Journal 53, Amanda
September,  2015

Daughter Amanda returned to Alaska and we had a great time! We re-visited Denali National Park (this time with snow), saw the aurora (northern lights) and flew to the arctic to take pictures of polar bears. 

Amanda landed in Fairbanks and our first stop was Hoo-Doo, a local brewery.  Do I know my child? We had previously been to Fairbanks but had not spent time exploring.  One surprise was the huge flocks of sand hill cranes that were feeding in pastures in and around Fairbanks.  There were thousands of them and they made a lot of noise as they flew overhead!
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The northern Alaskan weather pattern was unusual for early September, the remnants of an Asian typhoon made its way north and brought with it cold winds and precipitation.  An Asian typhoon: thatís a weather pattern a little different than in Texas!  For higher elevations, like Denali Park, there was an early snowfall.  One Denali park highway maintenance worker commented that in his 40 years of working in the park he had never seen so much snow in early September.  It was cold but very beautiful and dramatic with the combination of snow on the ground and full autumn colored foliage.  Our trekking poles made our photos appear that we are snow skiing, but no, we were hiking sometimes up to knee deep (for JoDon it was almost waist deep, HA!).  After the big storm blew itself out we were blessed with clear skies and spectacular views of Mt. Denali, its new official name (formerly officially known as Mt. McKinley).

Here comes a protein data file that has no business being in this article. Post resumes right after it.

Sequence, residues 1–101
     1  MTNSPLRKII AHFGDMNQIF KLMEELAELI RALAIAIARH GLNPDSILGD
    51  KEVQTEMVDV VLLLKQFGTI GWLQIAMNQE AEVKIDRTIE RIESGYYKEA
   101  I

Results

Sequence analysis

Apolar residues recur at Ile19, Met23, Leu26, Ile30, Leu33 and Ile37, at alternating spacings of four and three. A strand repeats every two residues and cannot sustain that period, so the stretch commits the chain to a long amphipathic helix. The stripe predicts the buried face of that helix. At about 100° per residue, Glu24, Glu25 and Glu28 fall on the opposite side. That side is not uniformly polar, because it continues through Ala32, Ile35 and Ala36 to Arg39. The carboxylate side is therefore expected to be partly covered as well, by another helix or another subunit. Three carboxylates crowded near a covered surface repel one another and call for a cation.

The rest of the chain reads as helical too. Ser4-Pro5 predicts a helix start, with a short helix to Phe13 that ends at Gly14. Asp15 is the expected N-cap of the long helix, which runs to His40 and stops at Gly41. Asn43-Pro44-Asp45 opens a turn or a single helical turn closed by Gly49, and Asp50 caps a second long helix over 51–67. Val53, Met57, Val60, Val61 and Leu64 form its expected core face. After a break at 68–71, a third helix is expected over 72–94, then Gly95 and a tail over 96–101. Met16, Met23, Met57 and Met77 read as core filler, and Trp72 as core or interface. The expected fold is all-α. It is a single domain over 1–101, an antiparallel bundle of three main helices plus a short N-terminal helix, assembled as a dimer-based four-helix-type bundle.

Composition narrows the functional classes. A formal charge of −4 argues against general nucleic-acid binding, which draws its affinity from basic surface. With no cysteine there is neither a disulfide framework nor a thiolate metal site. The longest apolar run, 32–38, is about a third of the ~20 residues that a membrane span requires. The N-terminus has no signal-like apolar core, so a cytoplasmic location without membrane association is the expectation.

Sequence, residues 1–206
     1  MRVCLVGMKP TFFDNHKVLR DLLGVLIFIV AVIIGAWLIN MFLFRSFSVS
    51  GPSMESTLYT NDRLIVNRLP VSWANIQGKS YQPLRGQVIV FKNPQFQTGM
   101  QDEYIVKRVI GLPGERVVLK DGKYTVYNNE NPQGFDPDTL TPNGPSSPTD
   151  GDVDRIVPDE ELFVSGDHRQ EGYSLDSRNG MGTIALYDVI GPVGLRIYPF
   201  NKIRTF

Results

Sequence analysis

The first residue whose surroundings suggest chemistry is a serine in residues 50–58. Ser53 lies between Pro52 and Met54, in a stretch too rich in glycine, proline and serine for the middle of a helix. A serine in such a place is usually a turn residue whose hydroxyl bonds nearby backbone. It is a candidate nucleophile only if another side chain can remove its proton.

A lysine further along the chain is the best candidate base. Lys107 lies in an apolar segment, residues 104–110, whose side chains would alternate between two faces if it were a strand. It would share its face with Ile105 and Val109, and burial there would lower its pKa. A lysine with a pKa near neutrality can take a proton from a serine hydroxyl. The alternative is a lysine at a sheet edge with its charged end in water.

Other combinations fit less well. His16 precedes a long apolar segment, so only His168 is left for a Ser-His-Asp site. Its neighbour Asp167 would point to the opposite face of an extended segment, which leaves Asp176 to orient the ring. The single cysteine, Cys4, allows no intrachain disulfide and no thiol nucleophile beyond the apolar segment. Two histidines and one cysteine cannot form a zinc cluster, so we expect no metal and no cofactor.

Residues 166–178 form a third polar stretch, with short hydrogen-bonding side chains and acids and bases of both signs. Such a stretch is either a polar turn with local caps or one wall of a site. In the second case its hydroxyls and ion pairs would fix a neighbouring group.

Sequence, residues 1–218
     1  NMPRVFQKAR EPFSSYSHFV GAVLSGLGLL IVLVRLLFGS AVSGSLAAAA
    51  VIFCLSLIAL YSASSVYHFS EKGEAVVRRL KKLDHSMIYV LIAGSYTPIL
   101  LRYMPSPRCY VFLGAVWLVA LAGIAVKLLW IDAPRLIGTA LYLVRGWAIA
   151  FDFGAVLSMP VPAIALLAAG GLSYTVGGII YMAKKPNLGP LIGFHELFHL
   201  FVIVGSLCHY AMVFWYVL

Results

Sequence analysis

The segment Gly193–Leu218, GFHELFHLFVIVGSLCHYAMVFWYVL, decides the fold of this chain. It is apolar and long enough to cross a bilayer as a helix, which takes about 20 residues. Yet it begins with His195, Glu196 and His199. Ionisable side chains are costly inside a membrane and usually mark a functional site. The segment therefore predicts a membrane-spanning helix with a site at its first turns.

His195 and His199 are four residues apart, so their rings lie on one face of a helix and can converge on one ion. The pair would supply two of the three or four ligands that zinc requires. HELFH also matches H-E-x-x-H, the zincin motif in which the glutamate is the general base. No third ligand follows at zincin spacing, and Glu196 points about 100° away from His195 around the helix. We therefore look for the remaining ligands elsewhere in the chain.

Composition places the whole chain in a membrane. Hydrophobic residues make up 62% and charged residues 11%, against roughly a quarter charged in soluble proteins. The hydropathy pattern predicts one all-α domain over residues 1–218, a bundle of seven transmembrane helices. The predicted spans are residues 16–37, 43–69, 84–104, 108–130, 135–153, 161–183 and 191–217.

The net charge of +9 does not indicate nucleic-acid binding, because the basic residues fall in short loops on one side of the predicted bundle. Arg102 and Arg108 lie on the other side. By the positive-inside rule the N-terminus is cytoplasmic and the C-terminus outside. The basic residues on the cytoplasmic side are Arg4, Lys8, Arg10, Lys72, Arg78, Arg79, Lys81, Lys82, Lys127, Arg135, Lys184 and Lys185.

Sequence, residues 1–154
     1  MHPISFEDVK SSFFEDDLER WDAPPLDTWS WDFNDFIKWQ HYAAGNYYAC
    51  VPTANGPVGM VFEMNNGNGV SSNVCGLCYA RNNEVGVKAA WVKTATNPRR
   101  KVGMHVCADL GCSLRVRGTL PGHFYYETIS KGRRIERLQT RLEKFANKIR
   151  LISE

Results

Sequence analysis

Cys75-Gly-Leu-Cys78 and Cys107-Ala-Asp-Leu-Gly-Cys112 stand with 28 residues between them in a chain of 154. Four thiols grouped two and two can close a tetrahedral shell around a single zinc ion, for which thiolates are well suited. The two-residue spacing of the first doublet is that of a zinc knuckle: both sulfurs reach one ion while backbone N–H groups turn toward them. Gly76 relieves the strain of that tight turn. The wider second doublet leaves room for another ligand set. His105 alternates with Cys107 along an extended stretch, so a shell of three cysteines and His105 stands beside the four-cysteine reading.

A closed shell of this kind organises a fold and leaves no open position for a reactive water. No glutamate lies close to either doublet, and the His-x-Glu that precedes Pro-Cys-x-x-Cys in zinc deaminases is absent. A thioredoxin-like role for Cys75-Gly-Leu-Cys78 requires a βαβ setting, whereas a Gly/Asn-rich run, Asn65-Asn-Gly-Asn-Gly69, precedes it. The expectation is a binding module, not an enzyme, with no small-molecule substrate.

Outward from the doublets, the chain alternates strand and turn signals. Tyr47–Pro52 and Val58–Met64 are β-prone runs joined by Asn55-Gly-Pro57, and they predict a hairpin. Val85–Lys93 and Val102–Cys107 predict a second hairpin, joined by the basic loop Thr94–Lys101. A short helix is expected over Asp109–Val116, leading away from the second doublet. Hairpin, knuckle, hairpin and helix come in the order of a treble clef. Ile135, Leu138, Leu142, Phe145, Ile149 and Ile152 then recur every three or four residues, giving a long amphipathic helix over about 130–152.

We were able to get an unusual photo of a Denali Park bus and the road.  The road extends about 70 miles into the park and the bus is the only way to get to enter Denali.  The road is not paved, very narrow and with few guard rails.  There are corners so tight the buses must slowly approach the curves to see if there is oncoming bus traffic.  If so, one bus must back up to a wide spot.  It can be scary when sitting in the back of a bus, seeing no road ahead with the illusion you are driving off a cliff.
Our big adventure was taking a small plane to the Arctic Ocean to view polar bears.  We flew to Deadhorse, Prudhoe Bay where the Alaskan pipeline begins.  Itís a strange oil and tourist community. The small airport was very busy with air cargo planes and passenger planes.  We refueled for a short flight to the native village of Kaktovik.  The weather was normal for early September afternoon; overcast skies and 32F.
Kaktovik is a native village that is along the Arctic Ocean.  In winter the sun never rises and in summer the sun never sets.  The schools and other local government facilities are modern and well-built thanks to oil revenue.  The residences are shacks that are surrounded by huge heaps of discarded machinery, furniture, snow machines, etc.  Itís a mess and Iím not sure how these shanties keep warm in the winter.  Supplies are brought in on planes and a barge brings supplies once each summer.  If you need to see a doctor you fly to Fairbanks.
Kaktovik has the largest concentration of polar bears in the world.  When the Arctic Ocean thaws in the summer the bears come to surrounding islands and they wait for the whale season. The Kaktovik village is permitted to kill three whales per season.  The meat is distributed amongst the population based on a prearranged formula with the hunters getting the largest portions. The whale is butchered, the blubber is boiled and feeds the village throughout the winter.  The whale skeleton is towed to an outer island where the polar bears chew on the bones. This is an historic annual ritual, hence why so many polar bears are in Kaktovik in the summer.
Our polar bear guide had a unique story.  Born in Finland, he came to Alaska as a young man seeking adventure.   He organized his own dog mushing team to visit remote Alaskan villages.  In Kaktovik he met his future wife and made Kaktovik his home.  His children attend school in Finland, living with family.  He loves the Kaktovik summer outdoor life of caribou hunting, whale killing, being a polar bear guide to tourists and having a dog team.  He and his wife normally spend the dark Arctic Alaskan winters in Finland. 
Alaska has been great for us the past two years but it is time to move to new adventures this winter and next summer.

Best regards to all,
Brian and JoDon